GHOSTS--The World is Outside
GIRL CALLED EDDY--Heartache/Girls Can Really Tear You Up Inside/Golden/People Who Used to Dream About the Future
GIRLS ALOUD--Biology/No Good Advice/The Show/Sexy! No No No/Call the Shots/Girl Overboard/The Promise/The Loving Kind
GLASVEGAS--Flowers & Football Tops/Daddy's Gone
GOLDFRAPP--Lovely Head/Pilots/Utopia/Black Cherry/Strict Machine/Twist/Ooh La La/Ride a White Horse/Fly Me Away/Number 1/A & E/Caravan Girl
GORILLAZ--Feel Good, Inc./Clint Eastwood
GOSSIP--Heavy Cross/Men in Love
GRACE JONES--William's Blood/Corporate Cannibal
GUILLEMOTS--If the World Ends/Annie, Let's Not Wait
GWEN STEFANI--What You Waiting For?/Hollaback Girl/Hey Baby (No Doubt)/Hella Good (No Doubt)/Underneath it All (No Doubt)/Cool/Early Winter/Wonderful Life/The Real Thing
HOOSIERS--Goodbye Mr. A
HOT CHIP--Ready for the Floor
HUMAN LEAGUE--All I Ever Wanted/Love me Madly
I AM X--President
IAN BROWN--For the Glory
IMOGEN HEAP--Hide & Seek
JARVIS COCKER--Cunts are Still Running the World
JENS LEKMAN--Sipping on the Sweet Nectar/Into Eternity
JOSEPH ARTHUR--In the Sun/Honey & the Moon
JUNIOR SENIOR--Move Your Feet/Shake Your Coconuts/Take My Time/Can I Get Get Get
JUSTICE--D.A.N.C.E./DVNO/Phantom 1/2
KAISER CHIEFS--I Predict a Riot/Everything's Average Nowadays/Addicted to Drugs
KANYE WEST--Love Lockdown
KATE BUSH--King of the Mountain
KEANE--Everybody's Changing/Bend & Break/Bedshaped/Spiralling
KELIS--Finest Dreams (w/Richard X)/Milkshake
KELLY CLARKSON--Since You Been Gone
KILLERS--Mr. Brightside/Somebody Told Me/All These Things That I've Done/When You Were Young/Read My Mind/Human
KIM WILDE--Perfect Girl
KIRSTY MACCOLL--Mambo de la Luna/In These Shoes?/Treachery
KLEERUP--Longing for Lullabies (w/Titiyo)
KNIFE--Heartbeats/Silent Shout
KYLIE MINOGUE--On a Night Like This/Disco Down/Light Years/Your Disco Needs You/Can't Get You Out of my Head/Love at First Sight/In Your Eyes/Slow/Secret (Take You Home)/I Believe in You/In My Arms/The One/Wow/Carried Away/White Diamond
LA ROUX--Bulletproof/Quicksand/Tigerlily/Cover My Eyes
LADY GAGA--Pokerface/Lovegame/Paparazzi/Bad Romance
LADYHAWKE--Magic/My Delerium/Paris is Burning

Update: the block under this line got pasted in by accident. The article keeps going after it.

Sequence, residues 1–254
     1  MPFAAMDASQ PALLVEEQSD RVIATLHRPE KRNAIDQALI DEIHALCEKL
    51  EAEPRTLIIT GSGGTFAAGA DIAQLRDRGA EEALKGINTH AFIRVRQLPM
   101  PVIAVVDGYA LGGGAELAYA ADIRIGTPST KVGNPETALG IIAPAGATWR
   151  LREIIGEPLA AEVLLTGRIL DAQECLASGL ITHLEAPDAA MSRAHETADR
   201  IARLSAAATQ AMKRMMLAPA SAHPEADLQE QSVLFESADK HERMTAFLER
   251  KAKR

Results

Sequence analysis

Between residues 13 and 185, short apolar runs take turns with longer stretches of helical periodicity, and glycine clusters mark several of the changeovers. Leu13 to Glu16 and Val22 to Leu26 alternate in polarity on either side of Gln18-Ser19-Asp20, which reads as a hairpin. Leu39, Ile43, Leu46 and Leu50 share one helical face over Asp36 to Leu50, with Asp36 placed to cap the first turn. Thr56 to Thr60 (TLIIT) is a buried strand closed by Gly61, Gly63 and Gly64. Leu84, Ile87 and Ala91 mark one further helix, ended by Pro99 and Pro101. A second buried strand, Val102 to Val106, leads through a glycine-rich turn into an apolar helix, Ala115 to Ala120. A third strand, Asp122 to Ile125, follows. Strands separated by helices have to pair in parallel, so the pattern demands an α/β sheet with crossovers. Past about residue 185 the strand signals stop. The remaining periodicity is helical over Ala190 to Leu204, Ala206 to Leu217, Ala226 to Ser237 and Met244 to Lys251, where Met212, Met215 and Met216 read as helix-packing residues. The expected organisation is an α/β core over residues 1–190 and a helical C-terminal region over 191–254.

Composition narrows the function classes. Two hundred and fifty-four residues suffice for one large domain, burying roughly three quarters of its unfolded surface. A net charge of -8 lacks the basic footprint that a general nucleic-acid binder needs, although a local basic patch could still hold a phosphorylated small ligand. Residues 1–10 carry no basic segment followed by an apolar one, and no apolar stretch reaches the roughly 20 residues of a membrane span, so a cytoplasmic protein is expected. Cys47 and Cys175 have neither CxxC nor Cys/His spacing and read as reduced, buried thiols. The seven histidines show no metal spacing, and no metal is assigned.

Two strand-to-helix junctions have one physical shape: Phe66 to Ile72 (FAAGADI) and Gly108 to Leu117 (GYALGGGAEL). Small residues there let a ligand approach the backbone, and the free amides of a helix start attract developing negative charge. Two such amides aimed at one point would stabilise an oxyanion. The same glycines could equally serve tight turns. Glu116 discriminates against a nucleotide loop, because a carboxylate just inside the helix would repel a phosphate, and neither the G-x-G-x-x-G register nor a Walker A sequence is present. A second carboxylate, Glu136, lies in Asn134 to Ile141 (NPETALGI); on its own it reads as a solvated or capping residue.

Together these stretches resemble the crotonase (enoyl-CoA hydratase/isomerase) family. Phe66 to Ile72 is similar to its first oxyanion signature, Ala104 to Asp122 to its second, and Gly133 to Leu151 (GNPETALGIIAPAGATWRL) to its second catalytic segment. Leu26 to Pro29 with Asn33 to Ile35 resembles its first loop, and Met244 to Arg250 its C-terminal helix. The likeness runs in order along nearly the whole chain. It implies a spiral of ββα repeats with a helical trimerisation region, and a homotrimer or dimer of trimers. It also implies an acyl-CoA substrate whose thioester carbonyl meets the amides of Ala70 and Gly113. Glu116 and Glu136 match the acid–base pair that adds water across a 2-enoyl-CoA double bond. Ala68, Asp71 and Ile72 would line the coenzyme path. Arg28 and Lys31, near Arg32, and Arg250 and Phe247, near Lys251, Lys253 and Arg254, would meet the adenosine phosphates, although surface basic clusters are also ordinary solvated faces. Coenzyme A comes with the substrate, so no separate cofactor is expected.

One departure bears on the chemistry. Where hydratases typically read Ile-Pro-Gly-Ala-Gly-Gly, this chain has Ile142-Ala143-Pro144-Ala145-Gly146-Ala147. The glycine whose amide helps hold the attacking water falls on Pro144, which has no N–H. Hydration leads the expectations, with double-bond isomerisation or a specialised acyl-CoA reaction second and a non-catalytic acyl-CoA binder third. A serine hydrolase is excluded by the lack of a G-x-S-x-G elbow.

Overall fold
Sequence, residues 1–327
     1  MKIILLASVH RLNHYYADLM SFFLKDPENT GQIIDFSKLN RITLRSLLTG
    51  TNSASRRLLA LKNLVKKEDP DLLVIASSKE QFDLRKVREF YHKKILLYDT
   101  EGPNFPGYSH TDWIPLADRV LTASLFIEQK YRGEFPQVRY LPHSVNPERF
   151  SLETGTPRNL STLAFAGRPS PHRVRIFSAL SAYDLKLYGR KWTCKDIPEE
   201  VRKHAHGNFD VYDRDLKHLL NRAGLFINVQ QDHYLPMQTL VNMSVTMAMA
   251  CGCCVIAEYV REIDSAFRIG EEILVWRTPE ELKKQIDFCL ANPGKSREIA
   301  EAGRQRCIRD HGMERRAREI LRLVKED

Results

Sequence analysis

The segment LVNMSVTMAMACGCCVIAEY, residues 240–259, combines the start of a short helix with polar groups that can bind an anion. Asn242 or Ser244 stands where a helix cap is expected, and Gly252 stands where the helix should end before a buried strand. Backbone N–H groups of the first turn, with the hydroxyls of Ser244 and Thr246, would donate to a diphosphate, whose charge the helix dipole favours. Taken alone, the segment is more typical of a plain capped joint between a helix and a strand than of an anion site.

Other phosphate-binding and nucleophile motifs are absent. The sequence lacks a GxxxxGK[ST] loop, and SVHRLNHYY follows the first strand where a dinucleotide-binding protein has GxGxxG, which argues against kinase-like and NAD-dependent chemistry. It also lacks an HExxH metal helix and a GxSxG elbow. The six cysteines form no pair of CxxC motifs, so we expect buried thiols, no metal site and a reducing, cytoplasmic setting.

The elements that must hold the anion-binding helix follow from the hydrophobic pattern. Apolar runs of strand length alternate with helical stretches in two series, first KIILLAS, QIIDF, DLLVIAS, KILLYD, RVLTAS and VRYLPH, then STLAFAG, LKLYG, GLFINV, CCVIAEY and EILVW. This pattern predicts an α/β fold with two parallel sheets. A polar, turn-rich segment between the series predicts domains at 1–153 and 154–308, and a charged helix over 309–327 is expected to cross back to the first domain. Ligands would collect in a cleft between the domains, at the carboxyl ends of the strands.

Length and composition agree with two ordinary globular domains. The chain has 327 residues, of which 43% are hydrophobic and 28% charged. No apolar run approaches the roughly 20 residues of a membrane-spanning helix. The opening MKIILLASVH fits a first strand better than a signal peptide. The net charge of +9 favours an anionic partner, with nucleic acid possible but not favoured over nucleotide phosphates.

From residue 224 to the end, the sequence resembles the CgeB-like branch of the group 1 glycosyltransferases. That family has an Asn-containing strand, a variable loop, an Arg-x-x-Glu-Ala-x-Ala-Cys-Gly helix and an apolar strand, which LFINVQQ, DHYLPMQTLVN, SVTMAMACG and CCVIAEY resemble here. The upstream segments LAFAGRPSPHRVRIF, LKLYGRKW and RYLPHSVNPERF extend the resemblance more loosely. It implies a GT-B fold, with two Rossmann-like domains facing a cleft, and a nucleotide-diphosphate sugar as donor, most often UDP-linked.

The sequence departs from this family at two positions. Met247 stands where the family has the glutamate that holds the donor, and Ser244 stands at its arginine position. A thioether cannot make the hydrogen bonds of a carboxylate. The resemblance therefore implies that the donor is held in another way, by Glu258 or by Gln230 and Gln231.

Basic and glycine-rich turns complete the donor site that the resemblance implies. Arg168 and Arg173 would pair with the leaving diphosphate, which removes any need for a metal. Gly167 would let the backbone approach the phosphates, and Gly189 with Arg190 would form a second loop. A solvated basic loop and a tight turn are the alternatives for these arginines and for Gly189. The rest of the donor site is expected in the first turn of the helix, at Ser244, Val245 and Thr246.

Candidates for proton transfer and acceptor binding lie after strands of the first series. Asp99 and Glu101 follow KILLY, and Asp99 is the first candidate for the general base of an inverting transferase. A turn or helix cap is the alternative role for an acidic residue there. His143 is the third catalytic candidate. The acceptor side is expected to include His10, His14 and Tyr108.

LADYTRON--Runaway/Destroy Everything you Touch
LAST SHADOW PUPPETS--Age of the Understatement/My Mistakes Were Made For You
LES RYTHMES DIGITALES--(Hey You) What's That Sound?/Sometimes
LILY ALLEN--Smile/LDN/Nan, You're a Window Shopper/The Fear/I Could Say/Fuck You
LITTLE BOOTS--New in Town/Stuck on Repeat/Remedy/Symmetry
LUCKY SOUL--Add Your Light to Mine/Lips Are Unhappy
LUKE HAINES--Going Off My Rocker at the Art School Bop
M.I.A.--Galang/10 Dollar/URAQT/Bird Flu/Boyz/Jimmy/Paper Planes
M83--Kim & Jessie/Graveyard Girl
MADNESS--NW5/Liberty of Norton Fulgate
MADONNA--Music/Don't Tell Me/Impressive Instant/Runaway Lover/Die Another Day/American Life/Hung Up/Get Together/Sorry/Jump
MAPS--I Dream of Crystal
MARC ALMOND--Glorious/Under Your Wing/Lights/When It's Your Time/Love in a Time of Science/Monoculture (Soft Cell)/The Night (Soft Cell)/Last Chance (Soft Cell)/Divided Soul (Soft Cell)/So Long the Path/The Storks/Redeem Me/I Have Lived/Way You Walk/Suicide Saloon/Kill Me or Make me Beautiful/Weakness for Roses/Boulevards of Magadan
MARK RONSON--Valerie (w/Amy Winehouse)
MARSHEAUX--Destroy Me/Summer
MARY ONETTES--Slow/Void/Puzzles
MASSIVE ATTACK--What Your Soul Sings (w/Sinead O'Connor)/Prayer for England (w/Sinead O'Connor)/Live With Me (w/Terry Callier)
MATINEE CLUB--Jane Falls Down
MAXIMO PARK--Apply Some Pressure
MCALMONT (DAVID)--Falling (McAlmont/Butler)/Bring it Back (McAlmont/Butler)/Back 4 Good (McAlmont/Butler)/Snow (w/Craig Armstrong)